Do you have an explosive child? Are tantrums taking over family life? We all know how utterly exhausting it is dealing with tantrums, but did you know that the way we respond to our child’s tantrums not only puts a stop to the behaviour we don’t like, it’s also key to our child’s future mental well-being and how they manage their behaviour and emotions for life? As many of you know, my daughter used to have the most epic MASSIVE meltdowns which was one of the reasons I became a parenting coach. I’m thankful every single day I found Language of Listening® the coaching model changed my life and my daughter’s, and the many many families I support.
Have you ever wondered why your child won't listen unless you shout? I want to show you how to get the kids to listen without shouting, threats or bribes and what to do when your child doesn't listen. One of the biggest challenges in parenting is getting our kids to listen willingly. We can begin to overcome this challenge by understanding things from our child’s point of view. But first, it helps to consider how our usual responses often make the situation worse.
I've teamed up with Worthing Mums and Dads as their parenting expert, answering parent's questions.This post was originally seen there. Do you have a toddler that refuses to listen? I'll show you how to get your child to listen and behave. Question: My 2 1/2 year old does not listen. Other mums have been surprised at her obvious and intentional ignorance – and it’s with many, many different things! Even if I just say her name, sometimes she’ll look me in the eye, smirk and run away. I’ve tried ‘positive parenting’ and explaining things gently, coming down to her level etc… But it doesn’t get through. I’ve tried taking away luxuries, but she thinks it’s a game. She laughs if I do raise my voice and get cross. She has run away, towards the road, the last couple of times I’ve collected her from nursery and on Monday I broke down crying in front of the nursery workers and other parents because she just wouldn’t listen and was pulling away from me – was totally embarrassing!!
Coping with tantrums is without doubt, one of the most draining and challenging problems of raising children. Dealing with a child's constant tantrums is very stressful, understanding why tantrums happen and how to respond can help put a stop to them for good. Often, we don’t realise that we are adding more fuel to the fire, and a meltdown can quickly get out of hand and last far longer than necessary.
As difficult as it can be, apologising to your child is a great way to model how to take responsibility for your actions and learn from them, it also shows that to make mistakes is normal, it is to be human. You want your child to be able to take accountability for their own actions, know it’s O.K to make mistakes and how to repair, find solutions and move on. Read on to find out what to say and what not to say when you apologise to your child.
Is your child’s constant whining the background noise of your life? Are you feeling frustrated about how to handle their behaviour? Maybe you’ve tried to ignore it only for it to get louder and louder, and you’re running out of patience. You're not alone. Lots of parents are dealing with this kind of ear-splitting behaviour, but all is not lost. Read on to find out more about how you can stop the whining for good.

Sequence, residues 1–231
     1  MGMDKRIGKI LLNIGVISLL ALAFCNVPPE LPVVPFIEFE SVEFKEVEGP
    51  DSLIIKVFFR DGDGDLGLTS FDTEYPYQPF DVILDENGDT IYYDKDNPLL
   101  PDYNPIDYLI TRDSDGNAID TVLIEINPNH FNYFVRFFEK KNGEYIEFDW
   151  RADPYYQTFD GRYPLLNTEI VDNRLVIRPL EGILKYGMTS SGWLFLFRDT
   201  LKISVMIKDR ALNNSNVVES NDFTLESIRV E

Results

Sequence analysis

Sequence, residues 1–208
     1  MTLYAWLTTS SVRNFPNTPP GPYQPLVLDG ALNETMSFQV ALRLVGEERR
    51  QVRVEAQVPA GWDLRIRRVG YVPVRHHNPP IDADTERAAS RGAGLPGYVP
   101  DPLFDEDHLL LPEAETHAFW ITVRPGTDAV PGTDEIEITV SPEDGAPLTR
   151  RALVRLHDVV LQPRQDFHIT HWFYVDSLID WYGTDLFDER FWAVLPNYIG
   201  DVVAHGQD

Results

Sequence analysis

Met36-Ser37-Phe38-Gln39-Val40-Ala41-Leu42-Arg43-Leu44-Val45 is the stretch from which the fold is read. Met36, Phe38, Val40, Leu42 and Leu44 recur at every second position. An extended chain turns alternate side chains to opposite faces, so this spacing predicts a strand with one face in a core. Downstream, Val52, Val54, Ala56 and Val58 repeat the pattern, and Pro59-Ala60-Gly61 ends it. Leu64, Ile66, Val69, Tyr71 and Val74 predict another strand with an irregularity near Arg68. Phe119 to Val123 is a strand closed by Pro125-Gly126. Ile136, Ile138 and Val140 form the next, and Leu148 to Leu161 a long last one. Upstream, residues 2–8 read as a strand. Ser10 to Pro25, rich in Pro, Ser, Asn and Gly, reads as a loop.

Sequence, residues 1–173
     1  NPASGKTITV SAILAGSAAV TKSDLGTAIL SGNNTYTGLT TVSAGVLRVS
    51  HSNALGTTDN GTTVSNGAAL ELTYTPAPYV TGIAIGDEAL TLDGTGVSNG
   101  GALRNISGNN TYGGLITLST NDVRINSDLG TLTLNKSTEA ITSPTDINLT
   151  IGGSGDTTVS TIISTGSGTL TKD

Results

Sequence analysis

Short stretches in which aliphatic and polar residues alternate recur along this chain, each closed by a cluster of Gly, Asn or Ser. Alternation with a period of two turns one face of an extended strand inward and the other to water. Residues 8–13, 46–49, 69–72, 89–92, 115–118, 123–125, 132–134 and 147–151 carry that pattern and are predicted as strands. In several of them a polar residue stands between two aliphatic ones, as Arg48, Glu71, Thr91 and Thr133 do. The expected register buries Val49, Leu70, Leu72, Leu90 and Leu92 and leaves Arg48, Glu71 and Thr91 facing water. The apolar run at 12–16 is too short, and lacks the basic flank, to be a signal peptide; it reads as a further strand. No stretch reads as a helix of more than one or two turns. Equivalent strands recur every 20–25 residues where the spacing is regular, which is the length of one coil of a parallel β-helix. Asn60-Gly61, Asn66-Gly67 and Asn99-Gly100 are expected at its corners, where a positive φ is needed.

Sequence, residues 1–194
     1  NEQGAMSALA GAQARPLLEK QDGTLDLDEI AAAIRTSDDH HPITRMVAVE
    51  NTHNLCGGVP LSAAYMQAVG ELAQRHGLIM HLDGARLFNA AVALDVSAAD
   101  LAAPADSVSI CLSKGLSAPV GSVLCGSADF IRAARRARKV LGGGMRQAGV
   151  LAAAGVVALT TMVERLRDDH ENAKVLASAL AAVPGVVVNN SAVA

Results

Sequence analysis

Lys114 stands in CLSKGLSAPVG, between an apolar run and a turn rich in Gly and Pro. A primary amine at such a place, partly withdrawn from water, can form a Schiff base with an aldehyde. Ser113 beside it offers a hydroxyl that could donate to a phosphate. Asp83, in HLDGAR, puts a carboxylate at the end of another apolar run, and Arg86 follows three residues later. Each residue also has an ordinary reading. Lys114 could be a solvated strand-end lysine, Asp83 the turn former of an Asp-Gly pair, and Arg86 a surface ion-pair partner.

What should have been a lovely bonding time for our family ended in chaos. We’d been to crazy golf, and before long, it ended in tears, stomping off and meltdowns. My daughter was losing, so she wanted to take multiple swings and take the ball and place it where it was easy to get it in the hole. The other families looked on in shock as a heated argument broke out. And as you’d expect… this trip didn’t end well.
The school mums meant well, but I really needed them to stop talking, They couldn't stop my daughter's tantrum - here's what worked instead. I was eager to collect my 7-year-old daughter from school. I’d dropped her off that morning with her swimming bag packed. She’d prepared her swimsuit, towel and goggles days ago, ready to swim with her class for the first time. As I waited by the school gates, I watched her coming towards me. She didn’t look as animated as I thought she would be - a bit wet and bedraggled, and not happy.
It's 5 minutes before we have to leave for school. The kids don’t have their shoes on, the sun-cream is not applied, and my daughter’s hair looks a mess. AGHHHHH. And here it is. This. is. the. fork in the road. It’s our own reactions that make all the difference to how this situation unfolds. I give a 5-minute warning. And no response from my daughter. At least my son is busy putting his shoes on. I find my daughter trying to watch a YouTube video, even though we have a no-screen-before-school-rule.
I sat at the table while my strong-willed toddler let out an enormous screech. We were having lunch at a local café and after a short while she wanted up out of her seat. I leaned in close and offered a few calming words to try and get her to sit a bit longer. It didn’t work. She screeched even louder. My cheeks turned red as the other customers gawped at this unfolding power struggle.
How to deal with toddler meltdowns when you're out and about
Life during lockdown can feel chaotic. Our kids are addicted to their screens, we’re physically and emotionally worn out trying to juggle it all, then throw bickering kids into the mix and your head’s ready to explode. No wonder we’ve had enough and can feel very raw and emotional. So, what are some things we can do to positively affect the mood in our homes?